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POPE, Judge.
Voluntary manslaughter. Clarke Superior Court. Before Judge Gaines.
Defendant Maria Goodwin, indicted for malice murder, was convicted of the lesser included offense of voluntary manslaughter. She appeals.
1. The testimony at trial established that defendant was employed by a plant nursery. The crew with which she worked frequently engaged in horseplay at their outdoor work site. On the day in question, the horseplay among the employees had been particularly aggressive. After lunch, defendant threw her chewing gum in a basket of plant cuttings from which the victim was working. The victim approached defendant and told her to stop. Defendant held a bottle of muddy water over the victim. The victim shoved the basket at the defendant and apparently knocked the bottle out of the defendant's hand. The defendant then placed both hands around the victim's neck and carried or pulled her by the neck several feet. As other coworkers tried to pull the defendant off the victim, the victim collapsed while the defendant still held on to her neck. The victim died as a result of defendant's acts.
Defendant presented the argument of self-defense. She also requested a charge on involuntary manslaughter pursuant to the theory that she committed a "lawful act in an unlawful manner," as set forth in OCGA 16-5-3 (b). Defendant argues the trial court erred in refusing to give the charge and submit the issue of involuntary manslaughter to the jury. The Georgia Supreme Court in Pullin v. State, 257 Ga. 815 (4) (364 SE2d 848) (1988), expressly rejected defendant's argument that the use of excessive force in self-defense constitutes the commission of lawful act/unlawful manner involuntary manslaughter. "[I]f [the defendant] is justified in killing under OCGA 16-3-21 [she] is guilty of no crime at all. If [she] is not so justified, the homicide does not fall within the 'lawful act' predicate of OCGA 16-5-3 (b) . . . for the jury, in rejecting [her] claim of justification, has of necessity determined thereby that the act is not lawful." Saylors v. State, 251 Ga. 735, 737 (3) (309 SE2d 796) (1983). See also Johnson v. State, 259 Ga. 235 (378 SE2d 859) (1989).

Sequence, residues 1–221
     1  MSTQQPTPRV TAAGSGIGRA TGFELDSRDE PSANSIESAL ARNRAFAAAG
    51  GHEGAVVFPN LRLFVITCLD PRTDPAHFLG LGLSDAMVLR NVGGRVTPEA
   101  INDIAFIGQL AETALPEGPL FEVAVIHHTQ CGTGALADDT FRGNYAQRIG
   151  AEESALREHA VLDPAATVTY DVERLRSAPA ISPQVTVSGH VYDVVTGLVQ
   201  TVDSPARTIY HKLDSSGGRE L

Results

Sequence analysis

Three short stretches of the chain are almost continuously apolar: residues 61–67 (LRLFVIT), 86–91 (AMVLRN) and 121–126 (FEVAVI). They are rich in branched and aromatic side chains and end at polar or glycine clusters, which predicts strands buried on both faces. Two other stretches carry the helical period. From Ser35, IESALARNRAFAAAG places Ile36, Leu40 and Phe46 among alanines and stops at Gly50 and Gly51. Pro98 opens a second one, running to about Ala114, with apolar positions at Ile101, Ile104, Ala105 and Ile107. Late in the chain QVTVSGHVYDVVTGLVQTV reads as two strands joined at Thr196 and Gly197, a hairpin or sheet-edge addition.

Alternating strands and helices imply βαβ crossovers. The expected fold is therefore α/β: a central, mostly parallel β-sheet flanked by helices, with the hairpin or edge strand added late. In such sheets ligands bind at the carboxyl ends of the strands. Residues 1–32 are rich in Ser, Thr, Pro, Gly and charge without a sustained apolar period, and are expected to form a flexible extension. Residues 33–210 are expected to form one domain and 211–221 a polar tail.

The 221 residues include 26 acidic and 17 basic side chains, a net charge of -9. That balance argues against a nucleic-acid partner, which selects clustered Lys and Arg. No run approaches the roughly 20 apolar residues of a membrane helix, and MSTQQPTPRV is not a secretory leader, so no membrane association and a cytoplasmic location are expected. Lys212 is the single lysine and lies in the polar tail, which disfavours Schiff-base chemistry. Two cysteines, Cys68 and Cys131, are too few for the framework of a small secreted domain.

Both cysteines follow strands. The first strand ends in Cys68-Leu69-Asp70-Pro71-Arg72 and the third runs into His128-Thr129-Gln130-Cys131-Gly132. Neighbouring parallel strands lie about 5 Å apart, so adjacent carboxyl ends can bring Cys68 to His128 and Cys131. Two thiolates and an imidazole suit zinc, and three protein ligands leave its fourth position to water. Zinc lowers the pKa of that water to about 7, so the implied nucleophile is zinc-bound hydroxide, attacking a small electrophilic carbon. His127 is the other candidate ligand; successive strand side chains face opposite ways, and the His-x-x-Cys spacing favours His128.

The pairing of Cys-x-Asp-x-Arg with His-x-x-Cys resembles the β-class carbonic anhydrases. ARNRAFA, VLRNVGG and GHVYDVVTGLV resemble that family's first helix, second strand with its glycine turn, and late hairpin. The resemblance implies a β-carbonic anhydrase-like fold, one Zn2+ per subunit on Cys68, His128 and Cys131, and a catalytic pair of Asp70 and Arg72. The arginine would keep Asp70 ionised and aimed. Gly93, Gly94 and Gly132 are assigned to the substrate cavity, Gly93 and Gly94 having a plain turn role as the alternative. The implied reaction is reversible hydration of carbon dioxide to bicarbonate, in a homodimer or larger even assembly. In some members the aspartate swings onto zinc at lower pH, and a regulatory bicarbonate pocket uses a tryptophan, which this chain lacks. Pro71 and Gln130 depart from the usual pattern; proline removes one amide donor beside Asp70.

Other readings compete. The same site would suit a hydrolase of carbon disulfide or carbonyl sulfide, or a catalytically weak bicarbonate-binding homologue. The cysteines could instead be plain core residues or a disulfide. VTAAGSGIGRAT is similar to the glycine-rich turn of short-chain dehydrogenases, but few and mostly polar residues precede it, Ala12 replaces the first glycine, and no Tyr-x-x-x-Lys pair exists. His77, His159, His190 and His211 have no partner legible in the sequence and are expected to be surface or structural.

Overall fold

2. Defendant also argues the trial court erred in refusing to give a requested charge on accident. "The essence of the defense of accident is that the defendant's act was not intentional. The defense of self-defense, on the other hand, admits the intentional commission of the act, but seeks to justify the act based on the legal excuse that the defendant acted from reasonable fear of immediate serious harm. The defenses of accident and self-defense are therefore inconsistent, and a defendant generally is not entitled to a charge on both." Culbreath v. State, 258 Ga. 373, 376 (4) (369 SE2d 29) (1988).